With so much of our personal and business data stored in the digital world, security is not only important, it is paramount.

Those who specialize in cyber security are the gatekeepers who keep our sensitive information from being exposed and exploited.

Given the importance of your position, you can expect the hiring process to be a rigorous one.

But if you have the skills and expertise, you will overcome the obstacles and begin or continue a great career in cyber security.

The trick is to encapsulate your knowledge in a well-written and well-organized resume.

We can help you with all the tips you need to know to make this happen.

Let’s get started!

Good resume writing begins with knowing the ingredients for success.

Summary

  1. Resume Template
  2. Formatting
  3. Writing Your Resume Summary
  4. Areas of Expertise
  5. Writing Your Work Experience
  6. Writing Your Education Section
  7. Additional Sections
  8. Resume Points to Remember
  9. Resume “Don’ts” to Remember
  10. Some Helpful Tools

Let’s begin with a sample cyber security resume to demonstrate how all the resume pieces fit together. Then we will break each section down to really drill into how to write the best cyber security resume you possibly can.

Find Resume Advice in Your Industry

Browse our categories of resume samples to get industry-specific advice on writing your next resume.

Cyber Security Resume (Text Version)

Contact Info:

Ben Milliam
benmilliam@email.com
1 (540) 937-0090
Roanoke, VA 24009

Summary Statement:

Cyber Security Specialist: Highly experienced Cyber Security Specialist with meticulous work standards. Skilled at maintaining top-tier security within both government and private networks. Very analytical and detail-oriented, specializing in firewall remediation, deploying infrastructure hardware/software, and cloud management.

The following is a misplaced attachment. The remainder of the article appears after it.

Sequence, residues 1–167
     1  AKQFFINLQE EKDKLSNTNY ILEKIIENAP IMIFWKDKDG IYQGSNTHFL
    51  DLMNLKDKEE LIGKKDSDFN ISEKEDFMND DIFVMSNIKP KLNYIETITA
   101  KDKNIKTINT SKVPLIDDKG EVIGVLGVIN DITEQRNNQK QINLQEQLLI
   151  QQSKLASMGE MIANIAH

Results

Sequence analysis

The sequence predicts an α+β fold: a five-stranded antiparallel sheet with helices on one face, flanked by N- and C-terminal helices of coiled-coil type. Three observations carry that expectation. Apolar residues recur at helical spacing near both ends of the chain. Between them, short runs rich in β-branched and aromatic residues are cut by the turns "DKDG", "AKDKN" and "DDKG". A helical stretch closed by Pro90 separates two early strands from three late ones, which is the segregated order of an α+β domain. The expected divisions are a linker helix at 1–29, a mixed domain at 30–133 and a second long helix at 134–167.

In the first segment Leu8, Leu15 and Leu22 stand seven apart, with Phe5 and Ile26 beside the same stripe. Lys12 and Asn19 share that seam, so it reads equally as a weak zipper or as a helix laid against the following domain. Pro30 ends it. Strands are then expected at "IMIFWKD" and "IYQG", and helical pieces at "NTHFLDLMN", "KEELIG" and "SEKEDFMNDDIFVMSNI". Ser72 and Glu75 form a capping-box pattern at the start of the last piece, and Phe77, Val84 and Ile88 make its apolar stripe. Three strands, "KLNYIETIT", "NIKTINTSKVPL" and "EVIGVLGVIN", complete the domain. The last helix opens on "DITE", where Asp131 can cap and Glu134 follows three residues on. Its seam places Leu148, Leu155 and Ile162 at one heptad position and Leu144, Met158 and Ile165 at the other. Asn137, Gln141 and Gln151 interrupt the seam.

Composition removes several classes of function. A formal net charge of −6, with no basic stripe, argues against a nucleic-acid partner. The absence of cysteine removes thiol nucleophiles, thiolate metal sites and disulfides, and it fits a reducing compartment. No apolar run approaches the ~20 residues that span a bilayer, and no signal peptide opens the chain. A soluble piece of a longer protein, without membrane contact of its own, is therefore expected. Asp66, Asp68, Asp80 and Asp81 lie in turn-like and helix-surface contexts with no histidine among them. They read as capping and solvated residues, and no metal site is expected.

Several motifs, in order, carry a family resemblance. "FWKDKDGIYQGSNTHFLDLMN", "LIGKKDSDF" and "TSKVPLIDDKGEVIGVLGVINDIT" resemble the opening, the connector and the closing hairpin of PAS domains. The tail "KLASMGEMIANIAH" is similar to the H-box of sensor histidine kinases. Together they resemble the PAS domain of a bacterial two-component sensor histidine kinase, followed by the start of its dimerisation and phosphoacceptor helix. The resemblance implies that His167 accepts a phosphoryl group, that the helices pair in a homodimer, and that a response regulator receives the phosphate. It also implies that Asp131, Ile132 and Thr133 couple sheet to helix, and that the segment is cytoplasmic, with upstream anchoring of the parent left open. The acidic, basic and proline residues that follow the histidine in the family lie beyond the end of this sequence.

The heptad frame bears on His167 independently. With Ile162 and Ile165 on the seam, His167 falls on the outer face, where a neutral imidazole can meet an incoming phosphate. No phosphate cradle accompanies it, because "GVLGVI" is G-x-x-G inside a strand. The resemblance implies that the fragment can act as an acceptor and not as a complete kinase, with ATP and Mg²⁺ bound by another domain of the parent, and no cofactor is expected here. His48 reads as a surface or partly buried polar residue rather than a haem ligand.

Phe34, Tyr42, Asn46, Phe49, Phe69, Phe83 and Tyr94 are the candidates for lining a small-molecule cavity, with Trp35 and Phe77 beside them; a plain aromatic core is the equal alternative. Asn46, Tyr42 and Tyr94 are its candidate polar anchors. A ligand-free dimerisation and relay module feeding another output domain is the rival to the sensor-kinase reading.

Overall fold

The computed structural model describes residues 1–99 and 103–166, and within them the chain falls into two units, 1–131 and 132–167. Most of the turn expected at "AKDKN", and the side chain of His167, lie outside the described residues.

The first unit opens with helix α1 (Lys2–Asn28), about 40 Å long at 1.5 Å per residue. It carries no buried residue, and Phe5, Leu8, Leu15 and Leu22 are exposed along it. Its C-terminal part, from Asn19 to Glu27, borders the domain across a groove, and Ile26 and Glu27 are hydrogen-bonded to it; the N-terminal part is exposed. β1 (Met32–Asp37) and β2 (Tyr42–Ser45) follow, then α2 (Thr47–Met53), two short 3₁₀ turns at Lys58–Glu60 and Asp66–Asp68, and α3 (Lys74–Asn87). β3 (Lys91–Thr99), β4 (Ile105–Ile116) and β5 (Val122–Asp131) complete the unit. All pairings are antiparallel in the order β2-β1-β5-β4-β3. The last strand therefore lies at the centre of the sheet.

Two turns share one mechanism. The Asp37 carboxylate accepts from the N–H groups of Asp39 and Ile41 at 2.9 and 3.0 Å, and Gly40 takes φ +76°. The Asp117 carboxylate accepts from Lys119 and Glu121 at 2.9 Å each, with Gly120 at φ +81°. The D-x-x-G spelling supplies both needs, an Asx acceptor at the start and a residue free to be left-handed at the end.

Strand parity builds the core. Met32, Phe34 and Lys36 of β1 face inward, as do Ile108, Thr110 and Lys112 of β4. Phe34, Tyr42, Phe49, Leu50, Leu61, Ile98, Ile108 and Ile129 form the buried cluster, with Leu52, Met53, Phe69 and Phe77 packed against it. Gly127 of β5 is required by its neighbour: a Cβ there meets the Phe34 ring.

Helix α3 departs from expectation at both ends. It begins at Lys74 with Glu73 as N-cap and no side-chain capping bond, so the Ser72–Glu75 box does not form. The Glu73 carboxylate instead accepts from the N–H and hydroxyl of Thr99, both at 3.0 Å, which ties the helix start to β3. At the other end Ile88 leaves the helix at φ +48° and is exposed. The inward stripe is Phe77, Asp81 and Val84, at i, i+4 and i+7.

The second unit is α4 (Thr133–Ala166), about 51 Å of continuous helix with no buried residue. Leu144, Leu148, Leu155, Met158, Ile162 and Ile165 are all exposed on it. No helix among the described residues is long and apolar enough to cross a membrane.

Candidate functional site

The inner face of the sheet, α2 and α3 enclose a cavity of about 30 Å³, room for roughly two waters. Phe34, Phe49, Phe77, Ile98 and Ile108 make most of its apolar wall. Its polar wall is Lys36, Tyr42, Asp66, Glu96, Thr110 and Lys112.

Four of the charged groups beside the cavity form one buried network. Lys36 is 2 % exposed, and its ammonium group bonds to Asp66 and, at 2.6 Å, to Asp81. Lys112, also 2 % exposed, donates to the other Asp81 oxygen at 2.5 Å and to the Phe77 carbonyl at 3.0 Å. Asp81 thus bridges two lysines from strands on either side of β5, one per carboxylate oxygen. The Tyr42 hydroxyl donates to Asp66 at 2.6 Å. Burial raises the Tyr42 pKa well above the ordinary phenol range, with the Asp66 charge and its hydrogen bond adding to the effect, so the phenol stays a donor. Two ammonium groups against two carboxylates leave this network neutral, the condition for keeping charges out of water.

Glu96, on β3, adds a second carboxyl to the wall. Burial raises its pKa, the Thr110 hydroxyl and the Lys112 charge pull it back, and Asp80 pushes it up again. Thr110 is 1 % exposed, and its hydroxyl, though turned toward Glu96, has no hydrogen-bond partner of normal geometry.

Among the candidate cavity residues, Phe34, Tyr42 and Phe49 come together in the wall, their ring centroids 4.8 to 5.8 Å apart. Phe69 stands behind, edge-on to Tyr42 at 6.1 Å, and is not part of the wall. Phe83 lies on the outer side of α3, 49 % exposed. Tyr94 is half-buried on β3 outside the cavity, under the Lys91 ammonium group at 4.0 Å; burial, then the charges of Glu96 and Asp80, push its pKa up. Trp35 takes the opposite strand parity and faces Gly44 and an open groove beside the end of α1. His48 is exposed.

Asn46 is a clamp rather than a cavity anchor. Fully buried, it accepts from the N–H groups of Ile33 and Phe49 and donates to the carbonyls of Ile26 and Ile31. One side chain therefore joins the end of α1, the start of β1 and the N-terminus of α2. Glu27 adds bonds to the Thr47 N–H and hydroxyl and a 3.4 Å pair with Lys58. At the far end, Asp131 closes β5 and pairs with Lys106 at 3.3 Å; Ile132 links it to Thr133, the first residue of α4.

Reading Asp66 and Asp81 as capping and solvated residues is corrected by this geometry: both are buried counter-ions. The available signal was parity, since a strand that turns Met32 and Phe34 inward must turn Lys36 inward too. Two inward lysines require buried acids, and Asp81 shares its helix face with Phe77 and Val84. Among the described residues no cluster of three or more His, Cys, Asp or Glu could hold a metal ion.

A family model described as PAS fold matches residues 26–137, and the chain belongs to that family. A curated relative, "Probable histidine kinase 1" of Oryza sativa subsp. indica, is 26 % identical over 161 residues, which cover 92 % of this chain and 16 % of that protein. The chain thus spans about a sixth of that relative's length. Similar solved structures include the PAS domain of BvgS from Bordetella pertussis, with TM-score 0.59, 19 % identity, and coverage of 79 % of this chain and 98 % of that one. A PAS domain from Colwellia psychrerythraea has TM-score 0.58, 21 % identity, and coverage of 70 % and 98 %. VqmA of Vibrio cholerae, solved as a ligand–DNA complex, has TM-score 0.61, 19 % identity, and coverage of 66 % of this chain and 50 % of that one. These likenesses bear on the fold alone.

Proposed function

Key Accomplishments/Areas of Expertise

  • Operating Systems (Mac, Linux, UNIEX, Windows)
  • Information Security
  • Network Security
  • Palo Alto Firewall
  • SaaS Software
  • Consistency
  • Communication
  • Organization

Professional Experience:

U.S. Army | Roanoke, VA
Cyber Security Specialist | June 2015 – Present

  • Test, implement, and deploy infrastructure hardware
  • Manage threats to network security via immediate response
  • Implement defensive measures to identify and track potential threats
  • Assess threats and vulnerabilities within network and make adjustments when required

Rieger Technologies | Roanoke, VA
Cyber Security Engineer | January 2013 – April 2015

  • Supported development and production environments
  • Monitored and upgraded security measures for data/network protection
  • Held security clearance during tenure
  • Functioned within a team of security personnel
  • Planned and implemented cyber security best practices

Cybernet, Inc | Roanoke, VA
Cyber Security Consultant | June 2009 – December 2012

  • Audited firewall rule base and identified remediation actions
  • Executed modifications to firewall rule base in a production environment
  • Met with internal teams to discuss planned security changes and coordinate testing
  • Configured firewall rules and adjusted as needed

Education/Certifications

Bachelor of Science in Information Technology

The University of Virginia, Charlottesville, VA
Class of 2009

Resume Formatting

Every great resume utilizes the proper format.

It’s more than just putting your skills and work experience down on the page.